Polar Bears in Canada

One of the largest populations of polar bears lives around Hudson Bay in Canada according to printerhall. The small town of Churchill in the province of Manitoba proudly calls itself the “Polar Bear Capital of the World” because of its many animals. Two reasons are decisive for the large number of bears in this area: On the one hand, the coast near Churchill is one of the three most extensive areas of polar bear litter caves worldwide and is therefore an important nursery for the continued existence of the bears. Here the animals raise their young during the summer months. On the other hand, Hudson Bay begins to freeze over from here, which is what the bears wait for from October to hunt their staple food on the ice floes – the seals rich in bacon.

During the summer, the polar bears only find berries, grasses and seaweed on land – nothing that would keep their extremely fat-dependent metabolism alive. After this time of deprivation, the bears have to eat a thick layer of fat again. Until they can get out on the ice, they roam the bank, searching the local rubbish dump for food. They come as far as the city and sometimes invade houses. Since the encounter with the polar bear is life-threatening, the residents have come up with some ideas to keep them away from the inhabited areas. Animals roaming the city are stunned by a “bear police”, specially trained rangers, and taken to a “bear prison”. There they spend up to two weeks in the dark and receive only water, but no food. The aim of this treatment is to prevent the animals from getting used to people, and it is also hoped that it will have a deterrent effect. The bear prison can accommodate up to 23 animals. When the cells are full, the polar bears are flown north by helicopter. But at the latest when Hudson Bay is frozen over, the animals are released on the ice again. They are marked beforehand. Bears that enter the city multiple times are generally sold to zoos. They are marked beforehand. Bears that enter the city multiple times are generally sold to zoos. They are marked beforehand. Bears that enter the city multiple times are generally sold to zoos.

Churchill has become a popular tourist destination in the fall because of the polar bears. The total number of animals at Hudson Bay is estimated to be around 1,200. However, global climate change has recently had a negative impact on the bear population; the arctic winter sets in later and the ice melts earlier. This leaves the animals less time to eat the fat reserves that are essential for survival in the summer months, so that the population is endangered in the long term.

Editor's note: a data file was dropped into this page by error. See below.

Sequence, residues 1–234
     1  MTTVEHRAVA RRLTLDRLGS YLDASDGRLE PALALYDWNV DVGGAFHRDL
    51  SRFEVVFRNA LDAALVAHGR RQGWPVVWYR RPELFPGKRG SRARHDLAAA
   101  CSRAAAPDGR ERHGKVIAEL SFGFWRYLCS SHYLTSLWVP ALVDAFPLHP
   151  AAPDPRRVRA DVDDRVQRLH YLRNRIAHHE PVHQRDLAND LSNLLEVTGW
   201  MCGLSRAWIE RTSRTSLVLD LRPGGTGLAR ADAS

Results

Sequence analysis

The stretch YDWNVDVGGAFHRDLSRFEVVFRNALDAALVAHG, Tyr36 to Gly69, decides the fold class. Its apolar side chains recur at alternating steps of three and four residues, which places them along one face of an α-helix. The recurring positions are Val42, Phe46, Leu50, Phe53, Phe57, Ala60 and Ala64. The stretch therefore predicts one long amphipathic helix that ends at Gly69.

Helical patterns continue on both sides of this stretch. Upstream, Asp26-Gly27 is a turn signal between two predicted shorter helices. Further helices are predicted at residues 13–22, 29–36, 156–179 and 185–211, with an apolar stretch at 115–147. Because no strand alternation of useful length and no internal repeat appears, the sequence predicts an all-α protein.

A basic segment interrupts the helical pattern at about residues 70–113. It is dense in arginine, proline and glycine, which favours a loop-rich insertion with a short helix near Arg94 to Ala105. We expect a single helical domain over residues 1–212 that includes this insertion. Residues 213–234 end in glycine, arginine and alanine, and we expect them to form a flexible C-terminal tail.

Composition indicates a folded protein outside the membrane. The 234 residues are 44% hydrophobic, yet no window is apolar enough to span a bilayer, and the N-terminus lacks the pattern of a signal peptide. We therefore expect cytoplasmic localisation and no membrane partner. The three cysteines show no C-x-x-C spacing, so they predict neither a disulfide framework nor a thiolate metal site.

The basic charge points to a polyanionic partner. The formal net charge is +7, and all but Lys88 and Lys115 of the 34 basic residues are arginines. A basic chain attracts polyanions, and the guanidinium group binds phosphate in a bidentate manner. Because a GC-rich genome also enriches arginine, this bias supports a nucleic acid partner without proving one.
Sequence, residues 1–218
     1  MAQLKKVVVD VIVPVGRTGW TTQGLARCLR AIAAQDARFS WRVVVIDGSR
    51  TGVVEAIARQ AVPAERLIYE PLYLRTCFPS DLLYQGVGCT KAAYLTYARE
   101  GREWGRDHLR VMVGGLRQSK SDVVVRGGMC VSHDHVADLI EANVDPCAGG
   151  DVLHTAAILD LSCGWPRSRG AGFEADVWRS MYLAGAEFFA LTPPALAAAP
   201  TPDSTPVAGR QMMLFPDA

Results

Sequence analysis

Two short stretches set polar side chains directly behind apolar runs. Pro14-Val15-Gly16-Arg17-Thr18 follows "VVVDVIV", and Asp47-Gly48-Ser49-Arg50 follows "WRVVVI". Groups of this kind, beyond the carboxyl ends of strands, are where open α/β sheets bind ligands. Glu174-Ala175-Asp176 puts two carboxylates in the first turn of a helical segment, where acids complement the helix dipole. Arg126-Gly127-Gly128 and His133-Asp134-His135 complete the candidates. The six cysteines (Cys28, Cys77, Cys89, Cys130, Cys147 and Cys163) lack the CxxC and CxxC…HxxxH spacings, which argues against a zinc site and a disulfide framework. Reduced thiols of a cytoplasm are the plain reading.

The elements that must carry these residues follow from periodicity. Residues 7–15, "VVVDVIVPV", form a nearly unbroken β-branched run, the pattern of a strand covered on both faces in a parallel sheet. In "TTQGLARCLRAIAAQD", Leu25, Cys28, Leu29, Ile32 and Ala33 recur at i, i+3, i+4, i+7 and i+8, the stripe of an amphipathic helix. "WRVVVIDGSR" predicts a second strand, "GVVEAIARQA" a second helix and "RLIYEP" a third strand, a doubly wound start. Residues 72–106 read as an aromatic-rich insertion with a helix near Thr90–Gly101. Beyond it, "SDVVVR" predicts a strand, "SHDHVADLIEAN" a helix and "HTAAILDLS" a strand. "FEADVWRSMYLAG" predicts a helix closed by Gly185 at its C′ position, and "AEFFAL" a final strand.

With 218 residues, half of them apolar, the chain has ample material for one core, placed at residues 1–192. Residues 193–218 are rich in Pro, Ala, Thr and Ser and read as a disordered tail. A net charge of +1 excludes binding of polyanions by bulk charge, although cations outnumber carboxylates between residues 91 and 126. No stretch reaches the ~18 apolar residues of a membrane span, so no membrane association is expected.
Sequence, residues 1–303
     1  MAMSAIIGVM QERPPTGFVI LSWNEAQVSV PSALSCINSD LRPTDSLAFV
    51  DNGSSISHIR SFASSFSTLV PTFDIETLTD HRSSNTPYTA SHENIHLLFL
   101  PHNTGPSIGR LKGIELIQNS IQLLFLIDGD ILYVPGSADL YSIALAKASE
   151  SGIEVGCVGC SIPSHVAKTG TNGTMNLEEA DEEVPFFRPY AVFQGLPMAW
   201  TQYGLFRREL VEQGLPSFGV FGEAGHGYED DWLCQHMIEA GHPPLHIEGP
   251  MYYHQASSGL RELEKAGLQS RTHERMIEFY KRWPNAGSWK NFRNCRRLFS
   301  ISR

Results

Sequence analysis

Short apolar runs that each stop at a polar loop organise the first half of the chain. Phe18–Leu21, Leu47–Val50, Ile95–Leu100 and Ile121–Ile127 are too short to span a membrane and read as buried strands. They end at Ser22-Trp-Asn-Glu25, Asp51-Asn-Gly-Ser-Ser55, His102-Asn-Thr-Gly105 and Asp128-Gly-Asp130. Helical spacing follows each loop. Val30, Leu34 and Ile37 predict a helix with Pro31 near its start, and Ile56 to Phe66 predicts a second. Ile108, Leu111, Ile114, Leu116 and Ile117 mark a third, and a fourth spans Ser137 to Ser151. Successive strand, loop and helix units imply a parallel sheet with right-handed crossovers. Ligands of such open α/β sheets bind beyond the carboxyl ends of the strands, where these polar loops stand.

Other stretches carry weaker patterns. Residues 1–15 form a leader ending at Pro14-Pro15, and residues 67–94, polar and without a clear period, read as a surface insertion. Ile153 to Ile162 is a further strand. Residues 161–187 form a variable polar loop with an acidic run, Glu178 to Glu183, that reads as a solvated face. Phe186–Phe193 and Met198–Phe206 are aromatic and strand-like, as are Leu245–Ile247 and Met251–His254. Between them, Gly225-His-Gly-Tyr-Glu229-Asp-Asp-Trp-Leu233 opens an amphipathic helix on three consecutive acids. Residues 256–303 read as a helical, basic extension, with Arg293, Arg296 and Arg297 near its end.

In addition, z. B. puma, wolf, arctic fox, coyote, wolverine and sea otters in front of and in addition to the American mink, which like the raccoon was also introduced into Europe, a number of other marten-like animals, which were also hunted as fur animals and are still in some cases. This also applies to Canada’s largest rodent, the Canadian beaver. The squirrels (gray squirrels, chipmunks) are very diverse. Among the ungulates, the first noticeable are the caribou, which has become famous for its mass migrations, as several North American subspecies of the reindeer are called. A very large subspecies of Roth Irschs is the Wapiti, even greater is the also quite common in Canada moose.

The cattle include the bison, which once populated the prairies of North America in huge herds. While prairie bison are now often kept on farms, wild populations of the much larger second subspecies, the wood bison, still live in Canada. The arctic musk ox is endangered; Mountain goats and bighorn sheep are particularly common in the Rocky Mountains.

Coastal waters that are rich in species and rich in food, especially the continental shelf off Newfoundland, are among the areas on earth that are rich in fish. They are the prerequisite for the occurrence of numerous marine mammals. These include the seals that z. B. with saddle seals, gray seals and folding hats (especially these species are still hunted to a considerable extent), but also with Steller’s sea lions and walruses are represented. The whales are just as rich in species. Both baleen whales such. B. the blue whale, the largest living mammal, fin, humpback and mink whale, as well as toothed whales, such as the well-known killer whale (orca), the white whale (beluga) or the peculiar narwhal, with the up to 2.5 m long, twisted “horn” of the males, occur on the coasts of Canada.

The subarctic and arctic coasts are also home to millions of seabirds (e.g. petrels, gulls, terns, alks, guillemots, ducks, geese and waders). As a special natural spectacle, the migration of countless salmon of different species to their spawning grounds in the upper reaches of rivers, especially on the Pacific coast, can be observed.

Nature conservation: there are a total of 44 national parks (8 of which are UNESCO World Heritage Sites), and several hundred provincial and territorial parks. The oldest national park is the Banff National Park in the province of Alberta, which was established in 1887.

Polar Bears in Canada

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